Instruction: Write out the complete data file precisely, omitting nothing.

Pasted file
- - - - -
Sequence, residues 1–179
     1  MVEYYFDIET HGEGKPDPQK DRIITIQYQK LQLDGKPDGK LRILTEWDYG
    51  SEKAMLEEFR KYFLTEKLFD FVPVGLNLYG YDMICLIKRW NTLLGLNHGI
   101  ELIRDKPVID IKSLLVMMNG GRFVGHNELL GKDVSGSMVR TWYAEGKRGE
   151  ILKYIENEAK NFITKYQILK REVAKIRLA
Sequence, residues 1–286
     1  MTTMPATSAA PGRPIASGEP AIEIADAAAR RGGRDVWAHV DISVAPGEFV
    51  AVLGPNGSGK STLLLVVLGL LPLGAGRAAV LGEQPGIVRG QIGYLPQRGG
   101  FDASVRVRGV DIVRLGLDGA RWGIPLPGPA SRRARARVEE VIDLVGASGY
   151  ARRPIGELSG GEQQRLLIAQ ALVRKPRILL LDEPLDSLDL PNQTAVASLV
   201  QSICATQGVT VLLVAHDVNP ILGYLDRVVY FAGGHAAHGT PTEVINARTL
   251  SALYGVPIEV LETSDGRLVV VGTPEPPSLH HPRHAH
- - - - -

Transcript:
Sequence, residues 1–179
     1  MVEYYFDIET HGEGKPDPQK DRIITIQYQK LQLDGKPDGK LRILTEWDYG
    51  SEKAMLEEFR KYFLTEKLFD FVPVGLNLYG YDMICLIKRW NTLLGLNHGI
   101  ELIRDKPVID IKSLLVMMNG GRFVGHNELL GKDVSGSMVR TWYAEGKRGE
   151  ILKYIENEAK NFITKYQILK REVAKIRLA
Sequence, residues 1–286
     1  MTTMPATSAA PGRPIASGEP AIEIADAAAR RGGRDVWAHV DISVAPGEFV
    51  AVLGPNGSGK STLLLVVLGL LPLGAGRAAV LGEQPGIVRG QIGYLPQRGG
   101  FDASVRVRGV DIVRLGLDGA RWGIPLPGPA SRRARARVEE VIDLVGASGY
   151  ARRPIGELSG GEQQRLLIAQ ALVRKPRILL LDEPLDSLDL PNQTAVASLV
   201  QSICATQGVT VLLVAHDVNP ILGYLDRVVY FAGGHAAHGT PTEVINARTL
   251  SALYGVPIEV LETSDGRLVV VGTPEPPSLH HPRHAH